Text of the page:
"Shockaholic" by Carrie Fisher
Carrie Fisher on her latest memoir:
Bad news for anyone who thought that Carrie Fisher had stopped talking about herself: Sorry, but after all of her seemingly endless blathering on about her nose-bleed-high-class problems, it appears she has yet another brand-new problem to overshare about (though don’t expect to relate to it). This time, the electro-convulsive-shock therapy she’s been regularly undergoing is threatening to wipe out (what’s left of) her memory.
Shockaholic is Fisher’s last ditch effort to hang on to a few juicy tidbits of her life. She describes the book as “An anecdotal memoir of a potentially more than partial amnesiac. Remembrances of things in the process of passing."
This thing is as juicy as it gets. Fisher casually drops revealing anecdotes about Ted Kennedy, Michael Jackson, and Elizabeth Taylor, and she never seems to hold back or embellish. She simply recounts the alien world of celebrity through her nonchalant and forthright voice. Fisher is wryly self-deprecating about her own well-documented emotional and mental problems (“…with my particular combination of poor judgment and recklessness, it could be seen as being a very good impression of suicidal.”), her dependence on drugs (“Now I am not a stupid person. I’m a fairly intelligent person who does stupid things. Incredibly stupid things.”), and her celebrity-fostered ego (“...no wonder she’s mentally ill. She’s got herself on her mind ten, fifteen, twenty hours a day! It never ends.”). Fisher is witty and gossipy and fun, but the quality that radiates most warmly through the prose is her honesty.
She discusses waking up alongside her best friend, Greg Stevens, who had passed away some time during the night. Media outlets never failed to refer to him as “gay Republican political operative” Greg Stevens, and through Fisher’s grief and Oxycontin-induced haze, she began to believe she was haunted by “Greg’s gay Republican political operative ghost.” She talks about losing custody of her daughter after her Oxycontin addiction spun out of control, and the immense grief and self-destruction she suffered as she went on her award-winning Wishful Drinking tour. She describes becoming the unofficial vigil-keeper of loved ones’ death beds, always the person who stays until the end when others cannot, easing the passage from one dimension into another. She plainly expresses her regret that she was not there when her father died, after taking care of him for several years and growing close to him for the first time in her life.
Despite the candid retelling of some of the most heartbreaking moments of Fisher's life, Shockaholic is never short on levity. Fisher cheerfully recounts a verbal sparring match she had with Ted Kennedy on a double date in 1985—a match that she decidedly won. She tells the story of the time her ex-step-mother Elizabeth Taylor pushed her into a pool as retribution for some tacky comments made by Fisher at a gala, and how that act created a bond of friendship between the two women that lasted until Taylor’s death this year. She gives a hilarious glimpse into the all-over dubious presentation of her step-father, bilious shoe tycoon Harry Karl. She offers startling insight into the strange universe of Michael Jackson, and her own theories on how it all degenerated so quickly. She includes intensely personal photos with delightfully incongruous captions. A photo of Michael Jackson reading Wishful Drinking is captioned, “President Harry Truman playing golf on the island of Kailua, Hawaii. June 1911.” A picture of Fisher hugging her errant father Eddie is captioned, “Carrie Fisher and Eddie Fisher, blissfully unaware that the marriage of Norwegian president Sven Migdorf would collapse within hours.”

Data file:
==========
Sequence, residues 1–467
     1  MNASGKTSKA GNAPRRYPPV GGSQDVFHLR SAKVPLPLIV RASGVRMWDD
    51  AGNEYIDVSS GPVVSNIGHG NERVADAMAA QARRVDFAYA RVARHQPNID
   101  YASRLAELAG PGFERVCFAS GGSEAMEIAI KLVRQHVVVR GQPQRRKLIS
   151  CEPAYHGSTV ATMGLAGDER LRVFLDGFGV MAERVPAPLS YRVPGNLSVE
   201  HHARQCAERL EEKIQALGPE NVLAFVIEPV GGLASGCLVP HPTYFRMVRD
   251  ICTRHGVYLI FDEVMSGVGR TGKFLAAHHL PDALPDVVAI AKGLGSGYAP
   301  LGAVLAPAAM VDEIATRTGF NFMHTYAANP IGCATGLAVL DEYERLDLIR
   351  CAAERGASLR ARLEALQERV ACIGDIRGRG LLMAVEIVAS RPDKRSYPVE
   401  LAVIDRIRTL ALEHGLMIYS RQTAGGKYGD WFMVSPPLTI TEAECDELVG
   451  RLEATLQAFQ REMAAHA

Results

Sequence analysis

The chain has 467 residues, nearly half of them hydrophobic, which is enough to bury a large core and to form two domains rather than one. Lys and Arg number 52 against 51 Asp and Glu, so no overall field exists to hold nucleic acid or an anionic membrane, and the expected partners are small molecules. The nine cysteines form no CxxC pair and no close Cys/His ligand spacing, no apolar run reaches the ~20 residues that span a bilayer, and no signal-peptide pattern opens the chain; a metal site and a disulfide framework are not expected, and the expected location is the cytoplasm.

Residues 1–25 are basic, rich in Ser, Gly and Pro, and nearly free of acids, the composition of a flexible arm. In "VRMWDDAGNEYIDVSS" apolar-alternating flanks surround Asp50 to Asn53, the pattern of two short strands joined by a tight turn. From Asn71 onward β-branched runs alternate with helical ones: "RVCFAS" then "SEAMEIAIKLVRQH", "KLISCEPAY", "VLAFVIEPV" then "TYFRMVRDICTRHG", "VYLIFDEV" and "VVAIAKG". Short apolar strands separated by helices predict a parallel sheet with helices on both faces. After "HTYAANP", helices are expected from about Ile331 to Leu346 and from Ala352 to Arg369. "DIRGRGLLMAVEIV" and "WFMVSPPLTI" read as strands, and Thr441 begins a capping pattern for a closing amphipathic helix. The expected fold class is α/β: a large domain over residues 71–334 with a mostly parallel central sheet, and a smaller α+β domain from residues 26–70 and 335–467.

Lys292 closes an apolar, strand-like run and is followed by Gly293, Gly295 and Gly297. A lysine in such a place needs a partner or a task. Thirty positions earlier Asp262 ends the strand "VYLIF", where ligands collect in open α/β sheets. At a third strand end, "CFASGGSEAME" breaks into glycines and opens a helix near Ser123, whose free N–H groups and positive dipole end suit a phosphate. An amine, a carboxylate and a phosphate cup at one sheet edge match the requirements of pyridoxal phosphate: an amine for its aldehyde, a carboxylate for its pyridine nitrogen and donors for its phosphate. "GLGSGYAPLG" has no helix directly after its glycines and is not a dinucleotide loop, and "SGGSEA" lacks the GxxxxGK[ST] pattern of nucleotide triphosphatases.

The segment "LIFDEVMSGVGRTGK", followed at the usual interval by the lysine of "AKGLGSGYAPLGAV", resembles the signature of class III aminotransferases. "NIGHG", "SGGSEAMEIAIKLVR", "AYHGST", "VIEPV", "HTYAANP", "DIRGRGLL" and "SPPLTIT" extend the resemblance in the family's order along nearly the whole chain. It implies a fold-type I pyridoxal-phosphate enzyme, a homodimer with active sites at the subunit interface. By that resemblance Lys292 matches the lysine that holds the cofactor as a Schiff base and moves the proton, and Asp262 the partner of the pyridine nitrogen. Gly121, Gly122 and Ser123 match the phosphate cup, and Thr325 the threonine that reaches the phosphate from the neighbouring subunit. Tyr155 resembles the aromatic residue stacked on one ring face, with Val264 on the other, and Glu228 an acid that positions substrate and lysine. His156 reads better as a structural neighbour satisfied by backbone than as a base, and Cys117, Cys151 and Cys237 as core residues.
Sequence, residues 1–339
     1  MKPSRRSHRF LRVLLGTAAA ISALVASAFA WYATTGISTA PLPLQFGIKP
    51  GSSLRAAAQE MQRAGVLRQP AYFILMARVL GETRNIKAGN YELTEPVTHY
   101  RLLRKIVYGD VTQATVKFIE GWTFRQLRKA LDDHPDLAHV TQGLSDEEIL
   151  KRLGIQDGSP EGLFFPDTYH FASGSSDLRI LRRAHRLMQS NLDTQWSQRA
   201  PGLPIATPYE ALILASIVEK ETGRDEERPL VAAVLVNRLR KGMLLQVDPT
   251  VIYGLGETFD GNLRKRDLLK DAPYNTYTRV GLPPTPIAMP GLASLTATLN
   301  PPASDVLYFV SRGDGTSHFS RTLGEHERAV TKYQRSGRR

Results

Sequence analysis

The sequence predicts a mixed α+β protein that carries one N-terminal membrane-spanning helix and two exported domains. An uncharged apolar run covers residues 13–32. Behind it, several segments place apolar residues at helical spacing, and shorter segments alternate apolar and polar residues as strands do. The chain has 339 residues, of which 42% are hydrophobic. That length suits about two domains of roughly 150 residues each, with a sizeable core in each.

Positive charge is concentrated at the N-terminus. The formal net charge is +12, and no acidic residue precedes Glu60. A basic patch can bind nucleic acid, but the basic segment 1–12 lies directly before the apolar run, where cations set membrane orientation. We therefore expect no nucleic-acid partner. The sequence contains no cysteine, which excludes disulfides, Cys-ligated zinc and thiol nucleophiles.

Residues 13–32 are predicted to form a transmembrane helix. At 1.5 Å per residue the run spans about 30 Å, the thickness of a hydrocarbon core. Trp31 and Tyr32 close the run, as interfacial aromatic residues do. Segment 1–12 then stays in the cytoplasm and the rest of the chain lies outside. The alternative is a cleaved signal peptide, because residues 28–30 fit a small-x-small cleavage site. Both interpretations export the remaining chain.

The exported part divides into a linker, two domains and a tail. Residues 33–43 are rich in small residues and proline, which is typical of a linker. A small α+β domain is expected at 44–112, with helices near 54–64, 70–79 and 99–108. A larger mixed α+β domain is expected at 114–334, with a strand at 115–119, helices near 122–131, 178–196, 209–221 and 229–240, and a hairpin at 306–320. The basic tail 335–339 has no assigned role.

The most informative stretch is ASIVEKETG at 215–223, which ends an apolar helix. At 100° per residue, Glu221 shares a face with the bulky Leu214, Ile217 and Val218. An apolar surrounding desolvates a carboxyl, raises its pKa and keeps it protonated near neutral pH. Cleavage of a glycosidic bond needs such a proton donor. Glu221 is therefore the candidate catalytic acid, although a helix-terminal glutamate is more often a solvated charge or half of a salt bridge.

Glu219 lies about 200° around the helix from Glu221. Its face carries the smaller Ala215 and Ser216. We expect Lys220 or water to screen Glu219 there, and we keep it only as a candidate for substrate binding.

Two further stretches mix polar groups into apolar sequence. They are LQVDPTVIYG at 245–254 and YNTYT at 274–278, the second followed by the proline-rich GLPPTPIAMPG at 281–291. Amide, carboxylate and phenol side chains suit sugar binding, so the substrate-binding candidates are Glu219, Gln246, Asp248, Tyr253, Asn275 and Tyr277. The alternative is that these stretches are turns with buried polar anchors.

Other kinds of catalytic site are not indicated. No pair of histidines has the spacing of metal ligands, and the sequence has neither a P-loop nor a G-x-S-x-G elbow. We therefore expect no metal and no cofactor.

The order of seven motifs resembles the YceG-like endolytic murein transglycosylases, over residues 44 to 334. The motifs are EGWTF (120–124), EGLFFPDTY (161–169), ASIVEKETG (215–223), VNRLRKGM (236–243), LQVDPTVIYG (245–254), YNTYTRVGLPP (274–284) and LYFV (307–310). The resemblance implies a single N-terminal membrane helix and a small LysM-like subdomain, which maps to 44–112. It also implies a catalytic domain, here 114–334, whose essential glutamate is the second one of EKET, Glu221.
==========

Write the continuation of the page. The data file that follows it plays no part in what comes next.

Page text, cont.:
Fisher even talks a bit about her iconic role as Princess Leia in Star Wars, a topic on which she is famously reticent. She discusses the way the immense popularity of the series transformed her world forever, despite the fact that she’d been around fame her entire life. Star Wars changed the story of Carrie Fisher, even though Fisher herself still isn’t certain of what that story truly is:
What you’ll have of me after I journey to that great Death Star in the sky is an extremely accomplished daughter, a few books, and a picture of a stern-looking girl wearing some kind of metal bikini, lounging on a giant drooling squid, behind a newscaster informing you of the passing of Princess Leia after a long battle with her head.
But inbetween all the hilarity, gossip, and self-deprecation is the incredibly honest, tender tale of Fisher’s reunion with her father, Eddie Fisher. She discusses their lifelong estrangement until the day that he became ill and needed her, and the ease with which she stepped into the role of care-giver. She never sugar-coats the man, flawed as he was, but she openly loves and accepts him, grateful for the bond they shared before he died last September. “My love for my dad was always more like longing, and it retains that quality, only now it can never be relieved. But in the end, finally, it doesn’t have to be, because before it was too late, he was mine at last.”
Shockaholic is a breeze to read: fast-paced and clever, funny enough to make you laugh aloud, and short enough to be read in one sitting. But the moments of insight, of clarity, of vulnerability that Fisher shares with the reader in her characteristically straightforward manner remain long after the last lovely bon mot.
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